Weekender loves a good musician, especially one as talented as local violinist Kate Allenger, who plays an array of music, including classical, country and Caribbean pop.
“I actually started learning the violin at about the age of seven or eight. I had a fantastic teacher at school called Miss Ebby. She had been quite a renowned violinist – she played in a trio with her two sisters and they were known as the Ebsworth Trio. She was my only violin teacher and she was the one that made me love playing so much,” says Allenger.
“With her kindness and encouragement and her obvious love of music, that was all I needed to want to be good and to make her proud.”
However, shortly after, Miss Ebby left her school. This, coupled with changing interests are what ultimately led Allenger to put down the violin for many years.
“I have lived in Cayman for just over 22 years. I came here, originally as a diving instructor and my violin was sitting at my parents’ home in London, untouched for a very long time! In fact, I had not played the violin since about the age of 13 or 14 – and without giving away any secrets – that’s a very long time ago,” says Allenger.
Ultimately her hiatus from the violin was not a permanent one. After a visit home to England, Allenger was inspired to pick up her violin once again, and as she tells Weekender, “The rest is history”.
“One summer when I went home to visit my parents, I found my violin and decided that I would take it back to Cayman with me and see if I could play it again. It is a beautiful violin. It was actually my Dad’s violin. He was a very talented musician and played lots of different instruments. He used to write music for my brother and I to play with him – and, in his retirement, he even wrote an entire musical,” says Allenger.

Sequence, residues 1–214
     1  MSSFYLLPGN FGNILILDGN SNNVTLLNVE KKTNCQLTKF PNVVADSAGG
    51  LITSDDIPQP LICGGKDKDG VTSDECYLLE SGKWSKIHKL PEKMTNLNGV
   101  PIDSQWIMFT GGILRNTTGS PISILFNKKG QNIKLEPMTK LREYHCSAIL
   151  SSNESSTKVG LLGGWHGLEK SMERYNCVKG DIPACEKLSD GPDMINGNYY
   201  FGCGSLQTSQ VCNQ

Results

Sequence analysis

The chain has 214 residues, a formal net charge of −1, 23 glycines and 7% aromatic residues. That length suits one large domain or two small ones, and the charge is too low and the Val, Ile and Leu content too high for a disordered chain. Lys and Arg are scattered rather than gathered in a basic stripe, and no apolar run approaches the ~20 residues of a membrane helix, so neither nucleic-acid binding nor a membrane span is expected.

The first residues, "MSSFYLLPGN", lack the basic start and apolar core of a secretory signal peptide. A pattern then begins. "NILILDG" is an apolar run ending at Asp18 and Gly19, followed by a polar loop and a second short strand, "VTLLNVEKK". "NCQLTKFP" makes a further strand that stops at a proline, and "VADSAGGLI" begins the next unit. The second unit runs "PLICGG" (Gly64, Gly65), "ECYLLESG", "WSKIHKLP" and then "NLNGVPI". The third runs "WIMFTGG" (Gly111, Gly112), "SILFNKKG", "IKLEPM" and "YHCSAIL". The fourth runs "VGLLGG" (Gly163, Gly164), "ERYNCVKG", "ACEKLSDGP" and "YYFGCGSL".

“So, I got back to Cayman and tried to play. For the first week, it was a nightmare and then, all of a sudden, it all seemed to come flooding back to me. I was able to read music again, and in not too much time, I was back to playing to the standard I had reached when I gave it all up,” she continues.
Since reconnecting with her musical beginnings, Allenger’s career in the Cayman Islands has taken off. She now plays regularly with her son Cory at Wine Down at Governor’s Square and every month performs at The Brasserie as well as playing with the Cayman Islands National Orchestra and for private functions such as weddings and receptions.
“Someone asked if I could play for a wedding one day and I did, and then before I knew it, I was getting hired on a regular basis for weddings, receptions and parties. I can’t believe that I actually get paid for something I love so much. I’m so, so happy that I have found the violin and found my music again as it is such a huge part of my life these days,” says Allenger.
All in the family
Allenger is not the only one in her family who has been bitten by the musical bug. Her husband
, Shane Allenger, is a member of the popular local band Hi Tide. Their children are also following in their parents’ performing arts footsteps.
“In fact, really most of our family is musical. Of course, there’s Shane, who everyone knows and loves from Hi Tide. I have now started playing out with our 21 year-old son, Cory, who is a fantastic singer, songwriter and guitarist. And then there’s our little one, Melody, who I think was born to be on the stage – she has an amazing voice and she loves performing,” says Allenger.
It is safe to say that music has always been a huge part of Allenger’s life, and she feels that it is definitely something that young people should become involved with – should they want to.
“I think that it’s a good idea for youngsters to try out a few different instruments and then they can find out for themselves which one they really like. I don’t think that you can really force someone into music. When you love an instrument, it is so much easier to practice it and learn to play it well. The music teacher is also very, very important too. I was lucky, the violin was the first instrument I picked up and, probably because of my lovely Miss Ebby, it’s the one I fell in love with,” says Allenger.
“Music is good for you,” she says. “It is very therapeutic I believe. When I started playing the violin, it was just at the right time. I was coming out of a horrible relationship and I know that the music really helped me to find myself again.
“I have two loves of my life – my family and my music. Couldn’t live without either of them.”